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I'm making a C++ Shared Library and when I compile a main exe that uses the library the compiler gives me:

main.cpp:(.text+0x21): undefined reference to `FooClass::SayHello()'
collect2: ld returned 1 exit status

Library code:


#ifndef __FOOCLASS_H__
#define __FOOCLASS_H__

class FooClass 
        char* SayHello();

#endif //__FOOCLASS_H__


#include "fooclass.h"

char* FooClass::SayHello() 
    return "Hello Im a Linux Shared Library";

Compiling with:

g++ -shared -fPIC fooclass.cpp -o

Main: main.cpp

#include "fooclass.h"
#include <iostream>

using namespace std;

int main(int argc, char const *argv[])
    FooClass * fooClass = new FooClass();

    cout<< fooClass->SayHello() << endl;

    return 0;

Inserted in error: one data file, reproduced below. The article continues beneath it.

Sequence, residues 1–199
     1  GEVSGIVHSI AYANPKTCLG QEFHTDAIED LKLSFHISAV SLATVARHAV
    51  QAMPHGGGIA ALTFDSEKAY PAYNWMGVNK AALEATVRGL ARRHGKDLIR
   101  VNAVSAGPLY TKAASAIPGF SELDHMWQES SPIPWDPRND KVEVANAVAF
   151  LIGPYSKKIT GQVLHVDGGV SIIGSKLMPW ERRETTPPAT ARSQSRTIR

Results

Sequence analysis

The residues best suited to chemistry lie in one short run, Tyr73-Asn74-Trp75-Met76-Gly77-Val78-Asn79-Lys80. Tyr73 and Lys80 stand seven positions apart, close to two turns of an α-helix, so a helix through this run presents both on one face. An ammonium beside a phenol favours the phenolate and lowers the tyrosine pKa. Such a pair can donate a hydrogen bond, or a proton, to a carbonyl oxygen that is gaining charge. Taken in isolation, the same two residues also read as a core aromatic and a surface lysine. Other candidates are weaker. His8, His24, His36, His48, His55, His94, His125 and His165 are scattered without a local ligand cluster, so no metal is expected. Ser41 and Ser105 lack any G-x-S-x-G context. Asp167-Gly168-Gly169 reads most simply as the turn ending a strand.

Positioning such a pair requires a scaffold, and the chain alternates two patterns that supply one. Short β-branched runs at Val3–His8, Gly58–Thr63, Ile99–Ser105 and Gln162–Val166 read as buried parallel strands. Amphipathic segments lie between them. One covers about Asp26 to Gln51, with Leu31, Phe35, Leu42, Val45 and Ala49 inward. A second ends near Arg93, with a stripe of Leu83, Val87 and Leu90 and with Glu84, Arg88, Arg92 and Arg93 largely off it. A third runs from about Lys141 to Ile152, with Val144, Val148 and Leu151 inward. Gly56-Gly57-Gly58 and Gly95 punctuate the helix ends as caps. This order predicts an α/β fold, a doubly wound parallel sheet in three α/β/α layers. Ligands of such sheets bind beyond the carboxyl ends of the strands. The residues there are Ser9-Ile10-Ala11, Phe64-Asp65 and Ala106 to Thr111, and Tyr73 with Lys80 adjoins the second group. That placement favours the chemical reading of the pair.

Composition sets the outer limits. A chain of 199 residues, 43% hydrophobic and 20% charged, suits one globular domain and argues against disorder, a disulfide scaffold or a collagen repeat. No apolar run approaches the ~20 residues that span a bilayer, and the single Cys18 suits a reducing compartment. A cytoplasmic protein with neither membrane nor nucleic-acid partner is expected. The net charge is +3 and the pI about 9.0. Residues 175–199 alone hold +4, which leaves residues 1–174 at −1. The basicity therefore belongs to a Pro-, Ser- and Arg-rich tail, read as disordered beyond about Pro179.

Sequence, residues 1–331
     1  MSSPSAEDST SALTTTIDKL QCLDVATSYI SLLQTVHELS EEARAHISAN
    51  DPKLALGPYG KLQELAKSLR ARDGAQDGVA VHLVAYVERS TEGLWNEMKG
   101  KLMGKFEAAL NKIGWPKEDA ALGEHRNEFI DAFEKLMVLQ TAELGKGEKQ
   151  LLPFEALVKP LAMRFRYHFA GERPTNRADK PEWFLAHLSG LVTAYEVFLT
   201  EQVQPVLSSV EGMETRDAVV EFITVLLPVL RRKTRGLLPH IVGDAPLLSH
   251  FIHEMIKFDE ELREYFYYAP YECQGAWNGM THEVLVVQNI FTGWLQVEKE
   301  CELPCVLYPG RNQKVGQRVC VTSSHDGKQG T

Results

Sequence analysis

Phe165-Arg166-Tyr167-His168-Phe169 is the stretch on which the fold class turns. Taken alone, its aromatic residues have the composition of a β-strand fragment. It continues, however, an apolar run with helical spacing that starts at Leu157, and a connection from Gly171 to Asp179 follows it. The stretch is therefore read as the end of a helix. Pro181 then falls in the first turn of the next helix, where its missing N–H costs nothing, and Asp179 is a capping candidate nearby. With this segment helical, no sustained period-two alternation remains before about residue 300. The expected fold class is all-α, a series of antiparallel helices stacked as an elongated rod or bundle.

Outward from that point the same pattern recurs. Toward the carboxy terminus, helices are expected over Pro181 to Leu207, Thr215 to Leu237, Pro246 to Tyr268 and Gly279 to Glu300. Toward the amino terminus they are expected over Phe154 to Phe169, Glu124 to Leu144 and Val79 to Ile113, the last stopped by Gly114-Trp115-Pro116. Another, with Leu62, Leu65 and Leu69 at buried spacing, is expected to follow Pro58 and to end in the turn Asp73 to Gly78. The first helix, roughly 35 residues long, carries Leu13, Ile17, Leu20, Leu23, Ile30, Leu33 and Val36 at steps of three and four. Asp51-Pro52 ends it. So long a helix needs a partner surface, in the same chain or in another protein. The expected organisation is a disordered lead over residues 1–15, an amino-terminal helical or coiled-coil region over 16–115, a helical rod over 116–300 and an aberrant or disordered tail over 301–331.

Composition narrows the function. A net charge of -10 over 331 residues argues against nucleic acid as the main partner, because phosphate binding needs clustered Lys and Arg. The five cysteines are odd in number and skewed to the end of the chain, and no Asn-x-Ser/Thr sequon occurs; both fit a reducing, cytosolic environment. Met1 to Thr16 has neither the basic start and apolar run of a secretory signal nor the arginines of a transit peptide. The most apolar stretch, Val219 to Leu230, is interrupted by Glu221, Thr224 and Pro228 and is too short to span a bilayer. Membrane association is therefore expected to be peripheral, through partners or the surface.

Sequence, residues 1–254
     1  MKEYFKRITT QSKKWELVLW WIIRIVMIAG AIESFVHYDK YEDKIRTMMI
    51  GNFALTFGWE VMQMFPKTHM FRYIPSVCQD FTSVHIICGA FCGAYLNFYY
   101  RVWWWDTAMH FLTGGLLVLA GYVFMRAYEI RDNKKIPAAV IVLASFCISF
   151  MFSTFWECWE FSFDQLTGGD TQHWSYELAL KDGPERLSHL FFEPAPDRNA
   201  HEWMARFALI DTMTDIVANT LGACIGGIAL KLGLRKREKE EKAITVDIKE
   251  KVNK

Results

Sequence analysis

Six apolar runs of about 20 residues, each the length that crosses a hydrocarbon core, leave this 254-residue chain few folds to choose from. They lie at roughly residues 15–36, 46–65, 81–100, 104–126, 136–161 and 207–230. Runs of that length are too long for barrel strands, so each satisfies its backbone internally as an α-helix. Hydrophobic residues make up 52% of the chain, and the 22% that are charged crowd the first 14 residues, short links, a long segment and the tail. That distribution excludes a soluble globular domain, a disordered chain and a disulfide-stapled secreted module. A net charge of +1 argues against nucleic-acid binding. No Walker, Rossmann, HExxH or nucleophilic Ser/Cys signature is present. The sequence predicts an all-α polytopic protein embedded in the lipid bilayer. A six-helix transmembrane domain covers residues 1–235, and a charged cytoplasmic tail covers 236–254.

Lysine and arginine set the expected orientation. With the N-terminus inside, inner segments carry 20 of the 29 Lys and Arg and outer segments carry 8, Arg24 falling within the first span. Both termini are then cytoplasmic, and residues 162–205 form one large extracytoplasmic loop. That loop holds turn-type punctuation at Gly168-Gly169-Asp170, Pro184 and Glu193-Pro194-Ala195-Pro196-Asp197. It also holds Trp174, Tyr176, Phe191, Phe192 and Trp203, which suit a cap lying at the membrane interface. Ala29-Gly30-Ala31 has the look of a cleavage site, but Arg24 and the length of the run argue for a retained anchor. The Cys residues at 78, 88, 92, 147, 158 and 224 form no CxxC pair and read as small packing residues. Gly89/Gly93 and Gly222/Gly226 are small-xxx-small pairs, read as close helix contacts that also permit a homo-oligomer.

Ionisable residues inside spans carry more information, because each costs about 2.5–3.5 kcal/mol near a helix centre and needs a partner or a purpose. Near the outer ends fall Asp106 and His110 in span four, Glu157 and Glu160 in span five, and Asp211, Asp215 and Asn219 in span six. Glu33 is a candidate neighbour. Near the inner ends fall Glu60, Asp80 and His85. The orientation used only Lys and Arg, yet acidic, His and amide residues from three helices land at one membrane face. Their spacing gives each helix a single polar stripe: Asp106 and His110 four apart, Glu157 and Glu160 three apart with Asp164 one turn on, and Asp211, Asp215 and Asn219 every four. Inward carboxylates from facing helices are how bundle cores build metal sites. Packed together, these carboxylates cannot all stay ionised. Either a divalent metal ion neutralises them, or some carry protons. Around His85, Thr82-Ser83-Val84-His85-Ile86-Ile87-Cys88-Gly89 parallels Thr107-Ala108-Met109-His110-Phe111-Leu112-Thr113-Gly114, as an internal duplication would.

Compiling with:

g++ -I. -L. -lfoo main.cpp -o main

The machine is an Ubuntu Linux 12


share|improve this question
Libraries at the end of the compiler command. See… – hmjd Oct 5 '12 at 14:55
Don't write include guards (or any other names) that contain two underscores or begin with an underscore followed by a capital letter. Those names are reserved to the implementation. (This probably doesn't have anything to do with the right answer to the question) – Pete Becker Oct 5 '12 at 14:56
@close voters: I think this question is better than the other one (first of all, the title isn't descriptive, and second of all, the other one has a ton of extraneous junk) – Wug Oct 5 '12 at 15:03

1 Answer 1

up vote 11 down vote accepted
g++ -I. -L. -lfoo main.cpp -o main

is the problem. Recent versions of GCC reuqire that you put the object files and libraries in the order that they depend on each other - as a consequential rule of thumb, you have to put the library flags as the last switch for the linker; i. e., write

g++ -I. -L. main.cpp -o main -lfoo


share|improve this answer
Thanks! that solved the problem. – fivunlm Oct 5 '12 at 16:53
Any idea how we can specify this using qmake? – Elyas369 Dec 2 '13 at 15:52

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